Loading ...
Sorry, an error occurred while loading the content.

Harvard U. has bells that once belonged to Danilov Monastery

Expand Messages
  • Reader John
    FYI, The article below appeared in the Moscow Times on Dec 6, 2002. It would be nice to see the bells returned to Russia, or even a church here in the US
    Message 1 of 1 , Dec 6, 2002
    • 0 Attachment
      FYI, The article below appeared in the Moscow Times on Dec 6, 2002.
      It would be nice to see the bells returned to Russia, or even a
      church here in the US rather than used at Haaavahd.


      Bells Inspire International Tug of War

      By Avery Johnson

      Courtesy Of Harvard University

      The largest bell of the 18-bell set weighs 13 tons and was cast in
      1686. It was dubbed "Mother Earth" by Harvard students.

      Every Sunday, at the Lowell House dormitory on Harvard University's
      Cambridge, Massachusetts campus, a klappermeister climbs to the top
      of a red brick tower and creates a sound that has become almost as
      central to dorm life there as all-night study sessions or fast food.

      The klappermeister (Harvard's name for a bell-ringer) rings 17 bells -
      - Russian bells, originally from Moscow's Danilov Monastery.

      When the Soviet government in the late 1920s threatened to destroy
      the Danilov Monastery's bells, American industrialist Charles Crane
      saved them by purchasing the entire set of 18 bells, and it was
      installed at Harvard in 1930. But the further fate of the bells would
      prove as uncertain as their past -- because at Harvard, no one could
      stand the sound of them.

      In his 1936 history of the bells, "The Lowell House Bells,"
      unofficial klappermeister Mason Hammond described the Danilov bells'
      first concert in their new home:

      "At once the horrid truth became apparent -- this zvon was no
      carillon or set of chimes on which each note could be played
      independently with some semblance of a tune. ... Invariably the
      undergraduates reacted with cat-calls, alarm-clocks, saxophones, tin-
      pans, etc."

      Although the students eventually grew to appreciate the bells, the
      Danilov Monastery has always been home to dozens of listeners who
      long to hear their zvon, or ring. And this year, Patriarch Alexy II
      and several priests at the Danilov Monastery, where the offices of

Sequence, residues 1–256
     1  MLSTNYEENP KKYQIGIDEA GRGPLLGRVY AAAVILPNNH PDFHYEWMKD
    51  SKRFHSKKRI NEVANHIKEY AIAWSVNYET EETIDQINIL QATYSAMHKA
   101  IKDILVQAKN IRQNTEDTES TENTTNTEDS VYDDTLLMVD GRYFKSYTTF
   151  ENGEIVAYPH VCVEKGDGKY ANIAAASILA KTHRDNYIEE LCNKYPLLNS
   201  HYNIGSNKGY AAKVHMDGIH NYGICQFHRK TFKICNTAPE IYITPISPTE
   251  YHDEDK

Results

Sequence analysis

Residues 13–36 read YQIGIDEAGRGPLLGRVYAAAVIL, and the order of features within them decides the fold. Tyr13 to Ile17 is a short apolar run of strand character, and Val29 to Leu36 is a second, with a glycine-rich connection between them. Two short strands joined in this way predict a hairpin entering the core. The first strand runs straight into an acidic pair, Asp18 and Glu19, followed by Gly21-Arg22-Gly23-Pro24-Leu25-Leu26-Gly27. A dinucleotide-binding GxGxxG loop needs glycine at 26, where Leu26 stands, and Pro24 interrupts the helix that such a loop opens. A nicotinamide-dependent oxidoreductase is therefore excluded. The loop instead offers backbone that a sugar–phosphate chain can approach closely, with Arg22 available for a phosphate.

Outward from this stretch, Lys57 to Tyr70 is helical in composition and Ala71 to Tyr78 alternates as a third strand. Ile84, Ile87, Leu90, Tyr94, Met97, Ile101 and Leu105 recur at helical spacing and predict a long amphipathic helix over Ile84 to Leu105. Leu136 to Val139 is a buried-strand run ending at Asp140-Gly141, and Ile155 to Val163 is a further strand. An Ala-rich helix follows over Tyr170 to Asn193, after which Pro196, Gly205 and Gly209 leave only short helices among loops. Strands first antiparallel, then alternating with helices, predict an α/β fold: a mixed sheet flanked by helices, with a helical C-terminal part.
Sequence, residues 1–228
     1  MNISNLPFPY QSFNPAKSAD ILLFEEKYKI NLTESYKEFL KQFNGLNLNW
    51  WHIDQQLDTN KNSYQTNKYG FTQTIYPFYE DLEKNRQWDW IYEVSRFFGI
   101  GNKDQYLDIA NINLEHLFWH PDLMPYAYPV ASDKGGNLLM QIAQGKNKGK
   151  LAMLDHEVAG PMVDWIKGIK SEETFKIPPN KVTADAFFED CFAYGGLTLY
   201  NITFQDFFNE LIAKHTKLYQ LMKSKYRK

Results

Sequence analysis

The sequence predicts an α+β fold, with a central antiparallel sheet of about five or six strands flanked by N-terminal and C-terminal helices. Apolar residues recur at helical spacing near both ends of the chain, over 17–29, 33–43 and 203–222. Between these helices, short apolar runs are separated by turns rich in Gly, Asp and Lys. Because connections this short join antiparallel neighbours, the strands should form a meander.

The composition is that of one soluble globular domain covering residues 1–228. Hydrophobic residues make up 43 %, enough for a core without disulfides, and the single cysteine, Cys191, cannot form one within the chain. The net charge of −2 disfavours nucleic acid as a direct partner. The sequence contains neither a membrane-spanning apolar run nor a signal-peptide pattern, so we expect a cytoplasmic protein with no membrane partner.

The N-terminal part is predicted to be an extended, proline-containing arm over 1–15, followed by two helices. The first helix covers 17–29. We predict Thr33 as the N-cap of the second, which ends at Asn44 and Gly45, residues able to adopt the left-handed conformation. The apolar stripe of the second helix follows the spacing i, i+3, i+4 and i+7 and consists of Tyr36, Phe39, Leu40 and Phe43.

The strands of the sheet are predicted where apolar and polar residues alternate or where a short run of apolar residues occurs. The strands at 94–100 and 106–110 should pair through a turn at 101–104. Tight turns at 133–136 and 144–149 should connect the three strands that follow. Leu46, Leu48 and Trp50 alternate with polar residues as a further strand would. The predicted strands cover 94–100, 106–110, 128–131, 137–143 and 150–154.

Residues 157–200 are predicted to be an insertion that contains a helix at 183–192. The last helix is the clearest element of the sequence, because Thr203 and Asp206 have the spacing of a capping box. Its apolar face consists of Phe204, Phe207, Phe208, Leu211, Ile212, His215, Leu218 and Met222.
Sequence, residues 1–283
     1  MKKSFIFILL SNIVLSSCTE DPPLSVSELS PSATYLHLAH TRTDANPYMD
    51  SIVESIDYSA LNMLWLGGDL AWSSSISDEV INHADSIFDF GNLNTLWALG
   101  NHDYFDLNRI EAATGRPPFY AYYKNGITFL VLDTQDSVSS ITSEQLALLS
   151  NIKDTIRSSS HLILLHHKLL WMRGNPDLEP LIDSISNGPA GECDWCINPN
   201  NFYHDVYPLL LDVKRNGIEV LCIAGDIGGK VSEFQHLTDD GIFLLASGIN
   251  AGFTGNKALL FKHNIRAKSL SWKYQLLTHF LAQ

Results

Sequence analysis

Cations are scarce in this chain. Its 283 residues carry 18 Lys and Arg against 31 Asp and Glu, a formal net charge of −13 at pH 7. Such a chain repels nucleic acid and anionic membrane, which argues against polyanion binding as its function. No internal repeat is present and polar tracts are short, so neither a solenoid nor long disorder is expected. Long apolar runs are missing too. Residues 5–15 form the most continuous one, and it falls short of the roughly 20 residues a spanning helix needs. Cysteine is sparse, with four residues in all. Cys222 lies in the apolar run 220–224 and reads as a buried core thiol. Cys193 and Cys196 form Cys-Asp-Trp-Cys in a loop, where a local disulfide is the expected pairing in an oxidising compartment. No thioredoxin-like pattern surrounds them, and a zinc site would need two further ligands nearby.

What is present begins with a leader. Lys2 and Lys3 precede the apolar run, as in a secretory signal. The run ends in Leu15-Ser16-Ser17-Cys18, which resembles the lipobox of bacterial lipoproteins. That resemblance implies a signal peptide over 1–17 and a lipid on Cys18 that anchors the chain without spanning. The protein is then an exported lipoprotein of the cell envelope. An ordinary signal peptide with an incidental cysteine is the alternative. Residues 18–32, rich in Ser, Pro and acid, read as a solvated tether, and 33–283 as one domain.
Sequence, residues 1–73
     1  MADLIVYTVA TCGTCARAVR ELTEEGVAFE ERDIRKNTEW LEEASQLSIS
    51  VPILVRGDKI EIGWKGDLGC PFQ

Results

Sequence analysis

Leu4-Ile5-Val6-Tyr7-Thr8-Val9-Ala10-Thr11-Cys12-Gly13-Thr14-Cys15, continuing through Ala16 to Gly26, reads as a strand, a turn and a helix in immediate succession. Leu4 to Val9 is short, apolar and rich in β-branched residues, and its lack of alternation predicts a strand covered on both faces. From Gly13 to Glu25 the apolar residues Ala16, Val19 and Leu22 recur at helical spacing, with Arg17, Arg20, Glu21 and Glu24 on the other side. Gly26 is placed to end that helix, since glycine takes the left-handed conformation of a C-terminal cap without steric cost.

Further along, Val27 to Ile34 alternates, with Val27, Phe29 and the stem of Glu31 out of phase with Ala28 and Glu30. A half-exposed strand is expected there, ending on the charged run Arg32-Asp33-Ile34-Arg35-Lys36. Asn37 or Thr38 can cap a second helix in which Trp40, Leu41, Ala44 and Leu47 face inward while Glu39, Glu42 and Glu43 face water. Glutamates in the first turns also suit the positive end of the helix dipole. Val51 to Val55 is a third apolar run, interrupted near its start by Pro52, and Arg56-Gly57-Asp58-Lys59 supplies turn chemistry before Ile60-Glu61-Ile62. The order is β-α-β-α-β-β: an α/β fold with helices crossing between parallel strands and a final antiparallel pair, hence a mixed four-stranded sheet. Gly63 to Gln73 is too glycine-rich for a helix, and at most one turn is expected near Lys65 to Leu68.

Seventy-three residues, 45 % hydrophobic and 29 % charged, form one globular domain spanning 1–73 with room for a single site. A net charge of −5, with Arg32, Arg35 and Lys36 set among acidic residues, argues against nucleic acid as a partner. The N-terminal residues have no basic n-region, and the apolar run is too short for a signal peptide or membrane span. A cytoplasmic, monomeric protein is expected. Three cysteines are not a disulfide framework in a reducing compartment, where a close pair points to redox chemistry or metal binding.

the patriarch are housed, launched a campaign to return the bells to
      the monastery's bell tower in time for the 700th anniversary of St.
      Danilov's death in March 2003.

      "The patriarch wants to return the bells in order to restore
      historical truth and correct a historical mistake," Father Alexei
      Polukarko of the Danilov Monastery said last week.

      The monastery's bell tower is not empty today: It was rebuilt in 1985
      and outfitted with bells taken from razed churches in northwest
      Russia, but Father Roman Ugrinko, the current ringer at Danilov, said
      the substitutes' sound doesn't come close to the original bells'
      distinctive ring.

      "The bells have a weak sound, and they don't play well together
      because they come from different churches," he said. "But to ring the
      original bells -- that would be a pleasure. They are the bells Gogol
      heard, they are the bells that called our forefathers to worship."

      But fulfilling the patriarch's request to return the bells would
      require closing the Harvard dormitory for a year, dismantling the
      Lowell House bell tower and shipping the cumbersome copper bells --
      the largest of which weighs 13 tons -- halfway around the world.
      Former Lowell House dormitory directory William Bossert said last
      week in a telephone interview that the effort would cost tens of
      millions of dollars. Despite the price tag, current Lowell House
      director Diana Eck said that she and Harvard president Lawrence
      Summers are considering the Russian patriarch's appeal, which comes
      14 years after a similar move in 1988.

      "Ronald Reagan was at the monastery and there were discussions. He
      promised to help the church talk to Harvard," said the Russian
      Orthodox Church's official bell-ringer, Igor Konovalov. But follow-up
      negotiations failed.

      Subsequently, in 1990, Bossert received a letter from the Orthodox
      Church via the Harvard president's office and helped the university's
      general counsel draft a reply. At the time, Bossert said he suggested
      returning the 18th bell -- it hangs alone in Harvard's Business
      School -- as a compromise, but this was never done.

      "They [the Russian patriarchate] were just hoping that moving the
      bells would be an easy thing, and that we [Harvard] didn't want
      them," Bossert said. "They said 'thank you for being a wonderful